Architect behind Marvel film division eyes similar strategy at Rovio
Maisel was instrumental in turning Marvel’s film division into a standalone shingle, securing $525 million in credit for the company in 2005 to develop and finance its own slate of pics, beginning with “Iron Man” and “The Incredible Hulk.” He also facilitated the talks that resulted in Marvel’s $4 billion sale to Disney.
Rovio execs haven’t been shy about saying they wants the company to become another Pixar. Rovio CEO Mikael Hed told Variety that he’s interested in replicating the kind of business model Maisel put together at Marvel — which would enable the company to independently grow its brand, creatively and financially.
But as opposed to other mobile gamemakers that produce a number of titles they hope will catch on, Rovio is focused solely on turning “Angry Birds” into a larger entertainment franchise that can evolve from games into animated shorts, movies, TV shows and licensed merchandise. The cellphone game has been downloaded more than 250 million times since its launch late in 2009.
In the game, players use a slingshot to help a flock of animated birds destroy a group of evil pigs who stole their eggs.
In addition to the fan frenzy over new levels, including a tie-in with Fox toon “Rio,” the property’s push into licensed merchandise has already sold more than 2 million plush characters; a cookbook is upcoming.
Maisel will now shepherd Rovio’s entertainment strategy moving forward. He has already begun conversations with screenwriters and directors to tackle the “Angry Birds” feature. He will exec produce the pics.
“There has been so much chatter about an ‘Angry Birds’ movie, but it’s now real,” Maisel told Variety. “The process is starting now.”
The exec, who previously worked at Disney and CAA, has been considering his next move since leaving Marvel at the end of 2009, when Disney took control of the comicbook company. Kevin Feige remains in charge of the film arm as prexy. Maisel had been at Marvel since 2003 and gets an exec producer credit on the “Iron Man” pics, “Hulk,” “Thor” and “Captain America: The First Avenger.”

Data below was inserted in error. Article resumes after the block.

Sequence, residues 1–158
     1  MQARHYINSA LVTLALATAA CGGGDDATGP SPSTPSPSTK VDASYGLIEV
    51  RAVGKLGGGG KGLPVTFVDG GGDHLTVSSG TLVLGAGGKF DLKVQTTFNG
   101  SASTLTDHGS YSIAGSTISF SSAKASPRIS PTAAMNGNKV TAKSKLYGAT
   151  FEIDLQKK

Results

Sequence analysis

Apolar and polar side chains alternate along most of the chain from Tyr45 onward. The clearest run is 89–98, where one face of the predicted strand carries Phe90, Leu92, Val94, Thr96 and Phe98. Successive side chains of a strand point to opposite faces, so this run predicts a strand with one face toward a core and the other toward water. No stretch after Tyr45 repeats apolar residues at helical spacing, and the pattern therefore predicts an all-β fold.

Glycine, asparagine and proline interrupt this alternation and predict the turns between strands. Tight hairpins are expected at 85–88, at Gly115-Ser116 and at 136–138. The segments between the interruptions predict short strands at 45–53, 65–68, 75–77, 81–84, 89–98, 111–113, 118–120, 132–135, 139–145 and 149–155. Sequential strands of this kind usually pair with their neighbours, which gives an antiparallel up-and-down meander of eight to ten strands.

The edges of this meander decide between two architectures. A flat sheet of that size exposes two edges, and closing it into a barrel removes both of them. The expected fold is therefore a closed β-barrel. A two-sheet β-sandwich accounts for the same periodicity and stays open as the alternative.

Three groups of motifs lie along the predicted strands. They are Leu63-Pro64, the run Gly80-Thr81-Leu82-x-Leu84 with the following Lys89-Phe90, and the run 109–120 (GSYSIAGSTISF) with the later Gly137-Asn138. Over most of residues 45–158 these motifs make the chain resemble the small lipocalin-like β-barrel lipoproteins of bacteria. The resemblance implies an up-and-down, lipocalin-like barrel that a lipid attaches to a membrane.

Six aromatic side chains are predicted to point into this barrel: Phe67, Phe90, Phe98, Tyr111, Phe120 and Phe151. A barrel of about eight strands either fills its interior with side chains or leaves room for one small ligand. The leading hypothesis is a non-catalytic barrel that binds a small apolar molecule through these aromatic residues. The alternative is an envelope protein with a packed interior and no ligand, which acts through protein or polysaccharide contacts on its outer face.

Maisel saw the opportunity in growing “Angry Birds” given the worldwide popularity of the game across a wide demographic.
“People are interacting with these characters six inches from them each time they play, and that creates an emotional connection,” Maisel said. “This is not an American thing. It’s not even a Finnish thing. It’s a global thing that’s something I’ve never seen before. It will be exciting to expand (this intellectual property) within Hollywood.”
The games themselves would be used to market the film when ready for release, giving Rovio “the ability to speak directly to its fanbase,” Maisel said.
Rovio has already been making moves to step up its expansion plans for the property, buying Finnish animation studio Kombo last month and raising $42 million in financing last March from Accel Partners and Atomico Ventures (formed by Skype co-founder Niklas Zennstrom). Kombo will start working on a series of short films starring the “Angry Birds” characters that will eventually lead to the feature film.
“We’re building a media company and have always been interested in moving further into the entertainment space,” Hed said. “But we are taking it one step at a time so that we can use our strength to build an important entertainment presence from outside of the major studios.” That strategy doesn’t exclude working with the studios, however: The company is eventually looking to partner with a major to distribute films.
Hed compared Maisel with George Lucas. They are “two people I know that have gone outside the studio system and built a very significant entertainment business that managed to break through on the movie side. Since that’s our aspiration as well — and George Lucas was unavailable — David was really the best person we could have hoped to work with.”